Last week, two political marches drew millions of people to the streets to protest two ostensibly different causes. The “March for Life,” held on Friday in Washington, D.C., is the largest annual “pro-life,” anti-abortion protest in the world, with the aim of fighting for the “right to life” of the unborn. And on Saturday, women took to the streets of cities across the country to reprise last year’s Women’s March, which began as a protest against the election of Donald Trump but has evolved to encompass a number of women’s causes, including abortion rights. Although both marches were allegedly in defense of rights, in reality both marches represented political causes antithetical to rights. This is because, in moral terms, both marches represent altruism on parade.

The organizers of and participants in the “March for Life” make no bones about their goals. Now in its forty-fifth iteration, the annual “March for Life” was initially a reaction to the Supreme Court’s 1973 Roe v. Wade decision legalizing abortion. The primary political objective of this march is, straightforwardly, to overturn that decision. As stated on the “March for Life” website, supporters hold that, even in cases of rape, incest, or endangerment to the woman’s life, decisions about the legality of abortions “must be made on a case-by-case basis, taking into consideration the total circumstances, and trying to save as many humans as possible.” Further, according to the “March for Life” website:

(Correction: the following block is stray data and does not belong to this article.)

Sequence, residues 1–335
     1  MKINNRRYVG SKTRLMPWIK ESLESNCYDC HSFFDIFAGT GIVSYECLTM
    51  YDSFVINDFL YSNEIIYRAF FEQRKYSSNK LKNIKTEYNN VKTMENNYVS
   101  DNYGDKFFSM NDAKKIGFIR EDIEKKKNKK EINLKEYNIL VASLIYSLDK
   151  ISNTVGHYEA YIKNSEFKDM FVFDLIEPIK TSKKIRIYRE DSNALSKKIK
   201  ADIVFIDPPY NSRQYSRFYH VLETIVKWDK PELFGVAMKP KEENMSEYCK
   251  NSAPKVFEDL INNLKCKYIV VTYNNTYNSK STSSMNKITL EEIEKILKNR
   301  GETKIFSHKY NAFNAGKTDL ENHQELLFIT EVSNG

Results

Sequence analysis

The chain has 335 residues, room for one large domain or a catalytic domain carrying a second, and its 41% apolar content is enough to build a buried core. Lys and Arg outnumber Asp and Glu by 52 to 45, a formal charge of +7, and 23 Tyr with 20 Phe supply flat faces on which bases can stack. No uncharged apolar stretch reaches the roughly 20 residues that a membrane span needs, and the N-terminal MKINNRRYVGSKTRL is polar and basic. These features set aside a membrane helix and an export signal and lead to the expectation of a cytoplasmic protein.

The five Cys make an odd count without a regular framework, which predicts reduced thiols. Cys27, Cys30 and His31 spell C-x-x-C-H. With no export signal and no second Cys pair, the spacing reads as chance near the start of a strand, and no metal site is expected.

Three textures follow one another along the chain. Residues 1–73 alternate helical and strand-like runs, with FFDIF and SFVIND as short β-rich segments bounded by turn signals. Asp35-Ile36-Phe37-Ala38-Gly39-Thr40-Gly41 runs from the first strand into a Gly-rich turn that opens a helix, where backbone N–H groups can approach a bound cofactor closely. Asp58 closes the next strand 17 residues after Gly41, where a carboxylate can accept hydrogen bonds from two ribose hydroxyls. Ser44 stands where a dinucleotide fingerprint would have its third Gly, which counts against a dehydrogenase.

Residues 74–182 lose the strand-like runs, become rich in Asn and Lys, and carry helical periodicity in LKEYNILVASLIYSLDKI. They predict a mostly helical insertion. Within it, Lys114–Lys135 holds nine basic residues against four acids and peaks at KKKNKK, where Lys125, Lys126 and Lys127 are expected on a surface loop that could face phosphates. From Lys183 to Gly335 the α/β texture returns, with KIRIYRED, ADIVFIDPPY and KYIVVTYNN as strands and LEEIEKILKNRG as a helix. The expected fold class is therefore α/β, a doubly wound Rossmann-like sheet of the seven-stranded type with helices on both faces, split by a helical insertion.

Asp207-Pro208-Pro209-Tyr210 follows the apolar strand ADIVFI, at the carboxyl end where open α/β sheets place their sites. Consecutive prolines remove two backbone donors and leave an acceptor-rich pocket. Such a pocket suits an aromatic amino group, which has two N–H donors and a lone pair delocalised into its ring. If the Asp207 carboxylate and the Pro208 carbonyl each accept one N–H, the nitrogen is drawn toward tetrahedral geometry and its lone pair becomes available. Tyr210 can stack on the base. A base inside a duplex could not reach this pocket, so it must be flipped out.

Although a pregnant mother and/or her preborn child may die, there is no justification in the law of God or man for the intentional killing of even one innocent born or preborn human in existence at fertilization. NO EXCEPTION! NO COMPROMISE! . . . No value distinction shall be made between the value of the life of one individual and of another. . . .


1 Bethany Goodman, “Life Principles,” January 15, 2014, [emphasis in original].

2 “March for Life: Love Saves Lives,” (accessed January 20, 2018).

3 “Womens March on Washington: Guiding Vision and Definition of Principles,” (accessed January 20, 2018).

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